How far should we rely on our emotions and feelings as a source of knowledge?

It is tempting to assume that reason is better than emotion as a source of knowledge. After all, the use of deductive logic gives us certain knowledge if the axioms or premises are true and the argument is valid. Mathematics which uses deductive logic lays claim to more certain knowledge than say the arts.

This would be to make the mistake of stereotyping reason and emotion. In fact assuming that reason and emotion are alternatives at opposite ends of a spectrum sets up a false dilemma. In IB TOK, it is important to make connections between the different ways of knowing. There may be degrees of rationality to our emotional response; and there may be emotional aspects to the rational choices we make. In the following quotation Aristotle implies that responding emotionally with anger can be appropriate and rational even if it is difficult:“Anyone can be angry – that is easy. But to be angry with the right person to the right degree, at the right time, for the right purpose and in the right way – that is not easy.” Aristotle (384-322BCE)

Let’s consider the idea of emotion as a source of knowledge; it could be the key to unlocking an understanding of who we are. Our feelings govern many of the choices we make. Who our friends are is often based on how they make us feel. The food we eat is often linked to comfort. The university course we choose may be based on how we feel about the experience of going on an open day visit. The school subjects we enjoy may be based on our feelings; does the teacher make you feel confident or inspired? These things are not rational calculations.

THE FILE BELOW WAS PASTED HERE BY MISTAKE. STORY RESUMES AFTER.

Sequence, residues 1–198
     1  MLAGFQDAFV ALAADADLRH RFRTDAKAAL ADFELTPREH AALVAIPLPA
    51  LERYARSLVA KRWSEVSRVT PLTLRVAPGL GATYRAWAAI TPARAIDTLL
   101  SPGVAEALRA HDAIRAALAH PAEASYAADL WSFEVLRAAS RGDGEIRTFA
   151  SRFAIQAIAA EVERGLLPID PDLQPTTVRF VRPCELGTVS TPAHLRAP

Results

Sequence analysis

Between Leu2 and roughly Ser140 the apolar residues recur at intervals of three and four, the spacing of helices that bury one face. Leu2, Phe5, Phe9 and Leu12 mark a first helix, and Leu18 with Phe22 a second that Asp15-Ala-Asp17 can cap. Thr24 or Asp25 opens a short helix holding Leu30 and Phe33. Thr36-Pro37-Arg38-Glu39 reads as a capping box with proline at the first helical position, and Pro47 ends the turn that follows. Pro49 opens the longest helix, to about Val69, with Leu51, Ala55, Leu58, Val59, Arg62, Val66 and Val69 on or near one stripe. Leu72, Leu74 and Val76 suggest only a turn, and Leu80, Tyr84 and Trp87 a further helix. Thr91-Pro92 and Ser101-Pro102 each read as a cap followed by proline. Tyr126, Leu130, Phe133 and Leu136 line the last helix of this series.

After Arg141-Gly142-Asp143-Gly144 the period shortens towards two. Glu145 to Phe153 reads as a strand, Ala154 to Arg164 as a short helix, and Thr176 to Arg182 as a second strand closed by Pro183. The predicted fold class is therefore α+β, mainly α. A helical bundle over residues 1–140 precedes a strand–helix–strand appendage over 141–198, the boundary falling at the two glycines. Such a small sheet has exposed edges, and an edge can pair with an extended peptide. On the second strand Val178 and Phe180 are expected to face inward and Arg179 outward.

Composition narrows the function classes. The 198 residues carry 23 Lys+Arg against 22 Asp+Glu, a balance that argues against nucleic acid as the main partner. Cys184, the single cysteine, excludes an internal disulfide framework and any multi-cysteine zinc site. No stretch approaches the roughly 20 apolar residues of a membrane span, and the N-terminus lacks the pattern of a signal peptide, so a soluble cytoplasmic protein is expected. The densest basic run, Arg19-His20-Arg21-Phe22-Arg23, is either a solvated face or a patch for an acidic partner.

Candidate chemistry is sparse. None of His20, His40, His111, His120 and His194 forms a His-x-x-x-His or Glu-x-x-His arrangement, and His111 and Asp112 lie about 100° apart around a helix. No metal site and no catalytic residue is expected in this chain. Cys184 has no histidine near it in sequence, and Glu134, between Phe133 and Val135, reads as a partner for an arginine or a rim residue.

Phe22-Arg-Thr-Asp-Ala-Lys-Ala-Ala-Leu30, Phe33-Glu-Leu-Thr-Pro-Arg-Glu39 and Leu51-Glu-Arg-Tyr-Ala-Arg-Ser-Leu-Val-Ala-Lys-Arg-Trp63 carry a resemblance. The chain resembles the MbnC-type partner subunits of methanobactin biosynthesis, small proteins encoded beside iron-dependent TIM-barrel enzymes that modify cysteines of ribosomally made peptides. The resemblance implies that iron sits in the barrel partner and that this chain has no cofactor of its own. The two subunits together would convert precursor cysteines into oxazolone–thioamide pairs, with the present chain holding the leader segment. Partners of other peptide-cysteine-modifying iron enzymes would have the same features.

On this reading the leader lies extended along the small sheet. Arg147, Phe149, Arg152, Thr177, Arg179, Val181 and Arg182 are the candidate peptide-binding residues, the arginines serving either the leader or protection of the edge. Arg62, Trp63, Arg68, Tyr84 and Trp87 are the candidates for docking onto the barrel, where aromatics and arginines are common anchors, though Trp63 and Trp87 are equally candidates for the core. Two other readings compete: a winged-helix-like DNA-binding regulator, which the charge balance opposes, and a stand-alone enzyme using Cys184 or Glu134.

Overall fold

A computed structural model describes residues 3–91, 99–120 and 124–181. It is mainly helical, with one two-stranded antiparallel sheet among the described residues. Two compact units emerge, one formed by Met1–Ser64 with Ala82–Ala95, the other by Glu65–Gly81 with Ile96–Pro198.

So the relevant knowledge issue here is, how do we know if emotion could be a source of knowledge? Edward de Bono identifies six styles of thinking; ‘red hat’ thinking involves feelings, intuition and emotions. You may be unaware of why you like or dislike something but your feelings exist nevertheless and the red hat gives you permission to articulate those preferences.

Our emotions may complement the rational choices we make. The psychologist Antonio Damasio mentions a patient, Elliot who has lost the ability to make decisions following damage to the emotional centre of his brain.  The implication of Damasio’s ideas is this is that our emotions function to narrow down our options so that we can make rational decisions. So here our emotions make rational choices possible by limiting the possible number of options available to us.

So if we want to find knowledge of who we are, we cannot ignore our emotions and assume that reason is superior. For example, the feeling that life is meaningless is best summed up in Shakespeare’s words: “Life’s but a walking shadow, a poor player, that struts and frets his hour upon the stage, and then is heard no more. It is a tale told by an idiot, full of sound and fury, signifying nothing.” Shakespeare (1564- 1616) Alternatively Paul of Tarsus’ observation that our actions are not always in tune with our feelings: “I do not understand what I do. For what I want to do I do not do, but what I hate I do.” Paul of Tarsus (5 BCE – c.67 CE)

This points to the idea that often our rational choices defy our feelings; there is an assumption that the two are in conflict. Therefore the complexity of human nature can only be grasped by due consideration of our feelings and the relationship they have with rationality. But this also raises more questions about the nature of our freedom and the sense in which we have free will; is our feeling of freewill an illusion? If it is how would we know?

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